June 16, 2011


John Blow: Venus and Adonis; Welcome, ev’ry Guest; Ground in G minor for Two Violins and Continuo; Chloe Found Amyntas Lying All in Tears. Boston Early Music Festival Vocal & Chamber Ensembles conducted by Paul O’Dette and Stephen Stubbs. CPO. $16.99.

Biber: Vesperae longiores ac breviores; Magnificat; Rupert Ignaz Mayr: Domine ad adjuvandum me festina; Sancta Maria, Mater Dei; Leopold I: Ave maris stella; Giovanni Legrenzi: Salve Regina. Yale Schola Cantorum and Yale Collegium Players conducted by Simon Carrington. Carus. $18.99.

Telemann: Concertos for 4 Violas in C and G; Max von Weinzierl: Nachtstück für 4 Violen; York Bowen: Fantasie Quartet for 4 Violas; Bartók: 9 Duos from “44 Duos for Two Violins”; Astor Piazzolla: Four for Tango; Christopher Norton: Steering Wheel Blues. Tertis Viola Ensemble (Konstantin Sellheim, Dirk Niewöhner, Burkhard Sigl and Julio Lopez). Oehms. $16.99.

Ries: Piano Sonatas and Sonatinas, Volume 5—Sonata in A Major, Op. 114; Sonata in A-flat Major, Op. 176; Sonata in B Minor, WoO 11. Susan Kagan, piano. Naxos. $9.99.

Debussy: Orchestral Works, Volume 6—Suite bergamasque; Petite Suite; Printemps; En blanc et noir; Symphony in B minor. Orchestre National de Lyon conducted by Jun Märkl. Naxos. $9.99.

     A bit of wandering along musical byways can be a delightful experience – and it is one that is easier to have with recordings than at concerts, where much of the musical fare tends to be on the bland side when it is not self-consciously “contemporary.” Early operas (before Handel) are especially difficult to find on stage or even in concert performances, and that is a shame, because some are quite delightful – such as Venus and Adonis by John Blow (1649-1708). This is the very first opera in English, unless you regard it as a masque, as some scholars do. Dating to 1683, it is a mangled retelling of the myth of Venus and the mortal lover she took after Cupid, her son, accidentally pierced her with one of his arrows. Unlike happy-ending emendations of the story of Orpheus and Eurydice, which were common in the 17th century, the main plot alteration in Blow’s opera has more to do with motivation for the final tragedy, in which Adonis dies after being gored by a wild boar he is hunting. The legend has Adonis insisting on the hunt despite Venus’ misgivings; in contrast, Blow’s opera has Adonis claiming himself content with Venus’ love but having the goddess herself say he should hunt, as he is wont to do. In any case, Blow’s music for the story is lovely, and his skilled handling of vocal and orchestral forces is in the same league as that of his great contemporary, Henry Purcell. The final G Minor chorus, “Mourn for their servant,” is particularly affecting, and everything is very well played and sung – in accordance with period style – by the Boston Early Music Festival members (both conductors on this CD, Paul O’Dette and Stephen Stubbs, are lutenists as well and are well versed in music of this period). The brief additional pieces on the disc further showcase Blow’s considerable compositional abilities. Soprano Amanda Forsythe sings Welcome, ev’ry Guest, an ode for St. Cecilia’s day, with sureness and beauty; Chloe Found Amyntas Lying All in Tears (sung by tenors Jason McStoots and Zachary Wilder, and bass-baritone Douglas Williams) makes a suitable envoi to the opera, using the poem by John Dryden; and the Ground in G minor showcases Blow’s purely instrumental music to fine effect.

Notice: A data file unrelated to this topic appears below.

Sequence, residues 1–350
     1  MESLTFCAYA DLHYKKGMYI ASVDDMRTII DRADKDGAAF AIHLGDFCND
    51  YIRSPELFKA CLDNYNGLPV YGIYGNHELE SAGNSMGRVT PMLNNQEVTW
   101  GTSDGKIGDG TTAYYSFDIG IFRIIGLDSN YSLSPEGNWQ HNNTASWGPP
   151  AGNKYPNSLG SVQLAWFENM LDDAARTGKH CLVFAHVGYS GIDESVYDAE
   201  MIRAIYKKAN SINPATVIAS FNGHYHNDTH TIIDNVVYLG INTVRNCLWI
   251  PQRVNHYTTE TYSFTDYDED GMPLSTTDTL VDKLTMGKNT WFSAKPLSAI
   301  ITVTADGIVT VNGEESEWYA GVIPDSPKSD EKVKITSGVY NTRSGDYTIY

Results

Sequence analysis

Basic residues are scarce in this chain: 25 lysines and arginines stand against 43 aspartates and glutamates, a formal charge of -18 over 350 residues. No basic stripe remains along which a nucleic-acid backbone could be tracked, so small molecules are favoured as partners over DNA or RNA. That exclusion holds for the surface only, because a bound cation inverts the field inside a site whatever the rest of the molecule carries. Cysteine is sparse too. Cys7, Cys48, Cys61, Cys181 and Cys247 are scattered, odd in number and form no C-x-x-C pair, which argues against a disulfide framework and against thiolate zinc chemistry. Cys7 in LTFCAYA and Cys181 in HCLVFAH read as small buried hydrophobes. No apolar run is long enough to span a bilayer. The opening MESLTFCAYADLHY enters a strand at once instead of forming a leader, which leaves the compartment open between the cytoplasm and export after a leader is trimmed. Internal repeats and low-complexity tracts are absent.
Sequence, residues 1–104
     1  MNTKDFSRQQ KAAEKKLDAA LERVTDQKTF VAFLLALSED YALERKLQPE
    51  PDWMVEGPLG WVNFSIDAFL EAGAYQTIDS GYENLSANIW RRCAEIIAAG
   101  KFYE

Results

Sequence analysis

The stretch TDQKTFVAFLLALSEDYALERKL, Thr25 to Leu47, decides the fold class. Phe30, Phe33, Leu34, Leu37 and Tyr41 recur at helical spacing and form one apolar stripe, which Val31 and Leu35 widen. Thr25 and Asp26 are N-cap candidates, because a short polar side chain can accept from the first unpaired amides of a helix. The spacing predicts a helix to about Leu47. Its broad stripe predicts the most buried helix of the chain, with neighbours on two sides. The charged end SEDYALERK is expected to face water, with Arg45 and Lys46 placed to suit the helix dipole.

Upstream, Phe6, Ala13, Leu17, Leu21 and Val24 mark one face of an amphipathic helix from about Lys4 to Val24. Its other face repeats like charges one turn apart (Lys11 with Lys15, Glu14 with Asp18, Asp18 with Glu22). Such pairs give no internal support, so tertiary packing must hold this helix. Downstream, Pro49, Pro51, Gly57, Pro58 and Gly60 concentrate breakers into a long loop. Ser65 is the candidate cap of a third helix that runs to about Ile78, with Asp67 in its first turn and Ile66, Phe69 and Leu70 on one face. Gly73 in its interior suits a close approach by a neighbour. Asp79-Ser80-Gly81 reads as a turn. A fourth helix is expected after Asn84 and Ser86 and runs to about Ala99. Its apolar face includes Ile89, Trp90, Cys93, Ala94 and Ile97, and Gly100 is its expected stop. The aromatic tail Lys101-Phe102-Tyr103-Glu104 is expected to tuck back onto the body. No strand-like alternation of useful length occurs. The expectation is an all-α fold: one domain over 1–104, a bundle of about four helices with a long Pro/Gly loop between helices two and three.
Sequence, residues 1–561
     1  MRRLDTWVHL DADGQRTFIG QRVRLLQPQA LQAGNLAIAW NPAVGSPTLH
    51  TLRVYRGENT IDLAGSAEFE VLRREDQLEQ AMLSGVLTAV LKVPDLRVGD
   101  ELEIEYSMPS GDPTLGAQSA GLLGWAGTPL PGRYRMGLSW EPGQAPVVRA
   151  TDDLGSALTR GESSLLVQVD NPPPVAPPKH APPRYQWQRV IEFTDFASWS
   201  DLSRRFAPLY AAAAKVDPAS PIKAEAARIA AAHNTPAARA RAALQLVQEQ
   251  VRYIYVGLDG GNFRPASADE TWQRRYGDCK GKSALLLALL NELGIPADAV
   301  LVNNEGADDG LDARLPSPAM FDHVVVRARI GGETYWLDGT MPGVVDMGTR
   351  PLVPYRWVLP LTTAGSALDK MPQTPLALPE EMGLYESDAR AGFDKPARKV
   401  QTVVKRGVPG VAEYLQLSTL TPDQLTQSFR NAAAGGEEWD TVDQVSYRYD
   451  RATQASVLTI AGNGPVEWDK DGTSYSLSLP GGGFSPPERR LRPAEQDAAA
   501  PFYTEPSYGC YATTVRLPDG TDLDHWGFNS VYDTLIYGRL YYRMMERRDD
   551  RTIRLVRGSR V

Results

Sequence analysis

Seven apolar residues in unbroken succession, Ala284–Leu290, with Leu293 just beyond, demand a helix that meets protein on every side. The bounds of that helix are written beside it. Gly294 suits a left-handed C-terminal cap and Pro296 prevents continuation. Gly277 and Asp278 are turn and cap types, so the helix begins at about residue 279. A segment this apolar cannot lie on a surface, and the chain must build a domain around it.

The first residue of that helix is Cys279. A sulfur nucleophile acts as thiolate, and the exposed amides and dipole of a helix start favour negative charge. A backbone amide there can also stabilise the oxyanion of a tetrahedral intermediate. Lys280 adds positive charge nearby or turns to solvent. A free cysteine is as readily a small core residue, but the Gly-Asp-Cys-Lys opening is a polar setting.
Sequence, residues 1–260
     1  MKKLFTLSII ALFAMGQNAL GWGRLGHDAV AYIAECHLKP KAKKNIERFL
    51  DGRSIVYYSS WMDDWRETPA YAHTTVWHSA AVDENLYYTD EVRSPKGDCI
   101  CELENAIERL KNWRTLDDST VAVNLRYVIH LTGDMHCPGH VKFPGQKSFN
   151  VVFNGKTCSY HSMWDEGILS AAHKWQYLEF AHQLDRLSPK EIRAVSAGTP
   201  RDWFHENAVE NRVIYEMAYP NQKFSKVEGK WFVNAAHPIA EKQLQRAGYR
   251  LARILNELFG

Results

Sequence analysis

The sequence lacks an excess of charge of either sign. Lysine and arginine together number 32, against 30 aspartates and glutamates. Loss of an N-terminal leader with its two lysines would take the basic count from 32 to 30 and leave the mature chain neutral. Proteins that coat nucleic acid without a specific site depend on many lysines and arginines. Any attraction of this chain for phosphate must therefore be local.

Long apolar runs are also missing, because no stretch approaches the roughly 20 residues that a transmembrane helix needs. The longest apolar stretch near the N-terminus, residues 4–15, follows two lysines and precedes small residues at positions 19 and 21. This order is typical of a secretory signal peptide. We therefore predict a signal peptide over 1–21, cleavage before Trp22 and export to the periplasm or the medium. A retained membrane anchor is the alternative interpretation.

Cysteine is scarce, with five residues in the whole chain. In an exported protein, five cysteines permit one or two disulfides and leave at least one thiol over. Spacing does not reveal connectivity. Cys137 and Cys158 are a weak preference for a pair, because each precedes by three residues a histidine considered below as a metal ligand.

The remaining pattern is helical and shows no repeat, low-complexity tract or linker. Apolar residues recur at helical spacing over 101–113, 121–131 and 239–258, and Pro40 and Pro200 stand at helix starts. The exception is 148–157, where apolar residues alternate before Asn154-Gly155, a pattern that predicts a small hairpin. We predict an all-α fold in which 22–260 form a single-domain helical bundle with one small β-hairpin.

Sacred rather than secular music of Blow’s time appears on a particularly well-performed CD featuring the Vesperae longiores ac breviores by Heinrich Ignaz Franz Biber (1644-1704). Biber was an extraordinary violinist and an unusually forward-looking composer, famously employing multitonality in one section of his Battalia. He was also very devout, showcasing his beliefs in some unusual ways (the complex scordatura of his Mystery Sonatas in particular). The Vesperae (1693) are more conventional, as is the Magnificat that also appears on this CD, but they are very effective examples of part writing and of the interweaving of vocal and instrumental lines. The short works by Rupert Ignaz Mayr (1646-1712), Leopold I (1640-1705) and Giovanni Legrenzi (ca. 1620-1690) are even less familiar than Biber’s music, partaking of the same devotional feelings and many of the same musical approaches. Simon Carrington and the Yale performers bring subtlety as well as beautiful sound to all these performances of devotional works.